Credit: Texas Sports

Jaxson Hayes Draft Profile

Breaking down the NBA potential of Jaxson Hayes

Freshman 6’11” 220 Center Texas DOB: 5/23/2000
10 ppg 5 rpg 2.2 bpg FG: 72.8% FT: 74%

Click here for full stats

Recruiting Profile

Wingspan: 7’3″

NBA Comparison: Nerlens Noel

Strengths: Athleticism, Rim Protection, Mobility

Weaknesses: Raw Offensively, Average Production. Strength

Hayes came into Texas with some hype as an athletic big man, but there were not many that expected him to be a one and done player. Hayes was ranked 112th by Rivals, 129th by 247 sports, and 89th by ESPN which is a far cry from the usually top ten or twenty ranking you see from a potential one and done first round pick. What has happened since he arrived on campus is that NBA teams have become intrigued with his ability to be a highly efficient big man who can bring solid defense to the table as well. His athleticism is elite for someone his size, allowing him to finish around the rim with short shots/dunks, put backs, and alley-oops. On the defensive side of the ball his athleticism leads to plenty of blocked shots, with Hayes averaging 2.2 per game in his only college season. It is not just his athleticism that leads to blocked shots as his length is solid at 7’3″, something that can help him on both ends of the floor. In addition to his vertical abilities, he runs the floor and moves laterally very well for a 6’11” player, which is an attribute that will be required of him with all of the fast break or pick and roll situations.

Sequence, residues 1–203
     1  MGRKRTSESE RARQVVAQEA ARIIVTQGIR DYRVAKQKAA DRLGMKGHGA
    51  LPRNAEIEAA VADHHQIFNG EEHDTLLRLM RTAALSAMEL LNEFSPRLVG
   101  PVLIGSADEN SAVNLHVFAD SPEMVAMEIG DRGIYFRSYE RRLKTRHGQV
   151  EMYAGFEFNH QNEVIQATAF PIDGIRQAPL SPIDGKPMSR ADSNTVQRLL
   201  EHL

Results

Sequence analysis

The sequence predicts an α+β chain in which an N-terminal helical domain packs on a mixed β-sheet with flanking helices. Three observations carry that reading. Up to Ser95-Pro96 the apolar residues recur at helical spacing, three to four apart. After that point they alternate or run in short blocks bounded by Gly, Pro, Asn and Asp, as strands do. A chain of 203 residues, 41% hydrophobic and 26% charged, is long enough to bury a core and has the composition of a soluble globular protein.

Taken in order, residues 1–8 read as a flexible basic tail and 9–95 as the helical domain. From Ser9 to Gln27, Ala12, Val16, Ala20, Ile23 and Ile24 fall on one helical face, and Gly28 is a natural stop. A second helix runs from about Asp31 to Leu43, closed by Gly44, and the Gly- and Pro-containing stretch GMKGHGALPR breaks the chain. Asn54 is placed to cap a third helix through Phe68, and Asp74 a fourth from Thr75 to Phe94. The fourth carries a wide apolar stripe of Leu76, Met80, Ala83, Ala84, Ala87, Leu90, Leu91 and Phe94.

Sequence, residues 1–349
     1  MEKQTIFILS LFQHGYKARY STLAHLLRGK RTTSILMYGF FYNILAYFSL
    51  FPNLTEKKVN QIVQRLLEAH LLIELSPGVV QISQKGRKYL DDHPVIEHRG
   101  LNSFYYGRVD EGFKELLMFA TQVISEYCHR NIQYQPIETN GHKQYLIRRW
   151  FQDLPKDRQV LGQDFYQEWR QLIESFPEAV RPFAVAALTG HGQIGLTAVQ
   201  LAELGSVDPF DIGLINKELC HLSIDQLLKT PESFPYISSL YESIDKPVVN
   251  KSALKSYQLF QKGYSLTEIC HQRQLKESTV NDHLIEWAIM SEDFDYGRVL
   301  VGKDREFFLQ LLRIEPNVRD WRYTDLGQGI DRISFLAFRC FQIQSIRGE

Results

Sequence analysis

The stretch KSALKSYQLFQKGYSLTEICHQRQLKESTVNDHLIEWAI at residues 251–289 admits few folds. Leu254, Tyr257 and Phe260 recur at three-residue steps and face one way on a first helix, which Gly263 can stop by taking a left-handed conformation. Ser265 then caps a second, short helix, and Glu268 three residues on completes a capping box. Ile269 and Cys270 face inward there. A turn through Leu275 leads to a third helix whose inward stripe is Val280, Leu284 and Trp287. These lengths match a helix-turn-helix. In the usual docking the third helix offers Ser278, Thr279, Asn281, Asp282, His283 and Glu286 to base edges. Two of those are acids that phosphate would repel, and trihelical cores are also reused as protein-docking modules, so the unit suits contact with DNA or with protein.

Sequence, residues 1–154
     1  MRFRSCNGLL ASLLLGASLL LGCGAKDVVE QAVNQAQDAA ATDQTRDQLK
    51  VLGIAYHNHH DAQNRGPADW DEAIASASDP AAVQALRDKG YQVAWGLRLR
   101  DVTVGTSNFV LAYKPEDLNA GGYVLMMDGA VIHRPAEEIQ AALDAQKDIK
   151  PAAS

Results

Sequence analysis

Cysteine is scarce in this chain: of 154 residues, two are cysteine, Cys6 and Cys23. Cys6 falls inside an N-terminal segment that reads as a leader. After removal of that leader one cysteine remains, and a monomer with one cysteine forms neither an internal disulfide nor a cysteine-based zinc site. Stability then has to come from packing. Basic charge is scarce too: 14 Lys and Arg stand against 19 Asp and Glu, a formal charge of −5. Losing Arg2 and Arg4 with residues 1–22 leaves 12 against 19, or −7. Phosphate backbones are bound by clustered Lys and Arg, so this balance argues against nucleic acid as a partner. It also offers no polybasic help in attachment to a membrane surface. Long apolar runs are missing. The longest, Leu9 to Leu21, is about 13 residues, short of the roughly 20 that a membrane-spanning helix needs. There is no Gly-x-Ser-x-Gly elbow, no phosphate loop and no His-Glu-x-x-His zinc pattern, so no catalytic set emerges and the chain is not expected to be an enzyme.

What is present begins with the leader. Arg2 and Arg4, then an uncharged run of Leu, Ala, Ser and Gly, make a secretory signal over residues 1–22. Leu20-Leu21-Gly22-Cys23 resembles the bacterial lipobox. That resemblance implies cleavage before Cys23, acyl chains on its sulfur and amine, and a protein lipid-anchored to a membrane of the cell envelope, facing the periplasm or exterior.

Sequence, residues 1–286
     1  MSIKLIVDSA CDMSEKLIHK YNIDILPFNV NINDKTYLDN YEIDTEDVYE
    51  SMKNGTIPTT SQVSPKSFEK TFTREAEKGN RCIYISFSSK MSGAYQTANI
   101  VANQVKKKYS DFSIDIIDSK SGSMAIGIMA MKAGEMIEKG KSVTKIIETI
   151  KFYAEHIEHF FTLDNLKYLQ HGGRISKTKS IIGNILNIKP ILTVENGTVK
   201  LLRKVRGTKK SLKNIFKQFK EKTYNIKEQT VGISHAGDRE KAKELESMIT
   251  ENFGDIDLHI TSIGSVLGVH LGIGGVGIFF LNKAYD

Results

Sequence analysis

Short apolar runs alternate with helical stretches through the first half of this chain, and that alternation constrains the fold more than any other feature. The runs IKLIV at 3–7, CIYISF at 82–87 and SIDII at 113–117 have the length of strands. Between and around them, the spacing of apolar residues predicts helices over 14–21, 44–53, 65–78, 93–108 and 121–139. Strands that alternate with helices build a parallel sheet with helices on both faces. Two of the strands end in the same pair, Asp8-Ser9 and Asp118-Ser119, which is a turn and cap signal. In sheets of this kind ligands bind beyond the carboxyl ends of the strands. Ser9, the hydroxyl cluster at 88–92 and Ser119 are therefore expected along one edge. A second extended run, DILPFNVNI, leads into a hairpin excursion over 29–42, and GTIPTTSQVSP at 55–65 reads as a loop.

Despite being efficient shooting it at 72.8% from the field overall, his offensive game is very limited. The majority of his points came off of fast break dunks, put backs, and alley oops. With his back to the basket he lacks many moves, something that he will need to improve going forward. There is hope that he can extend his jump shot to at least the mid range with him shooting free throws at 74% as a freshman on 3.1 attempts. While the numbers are pretty solid from the line, his mechanics will need some work but he has shown the potential skill is there. There is no doubt he will get most of his production on dunks and effort plays, but if he can expand his game out from the basket he will have a much higher ceiling as an offensive player. One concern is the fact that he only played 23.3 minutes per game, averaging just 10 points to go with 5 rebounds. The numbers are solid in the limited minutes, but teams would feel much more confident in his future if there had been more production in his lone year at Texas. 

This play shows off his athletic ability:

This clip gives you an example of his rim protection skills:

Hayes is viewed as a potential first round pick. His projections are all over the map from the top 10 to the 20’s later in the first round. Teams like his potential due to possessing size, length, and athleticism which should have a team taking a chance on him somewhere in the first round. His ceiling as a professional is a starter level center, playing elite defense and putting up average offensive numbers. The worst case scenario for Hayes is that he is unable to expand his offensive game, causing him to come off of the bench being used mainly as a rim protector in a reserve role. 

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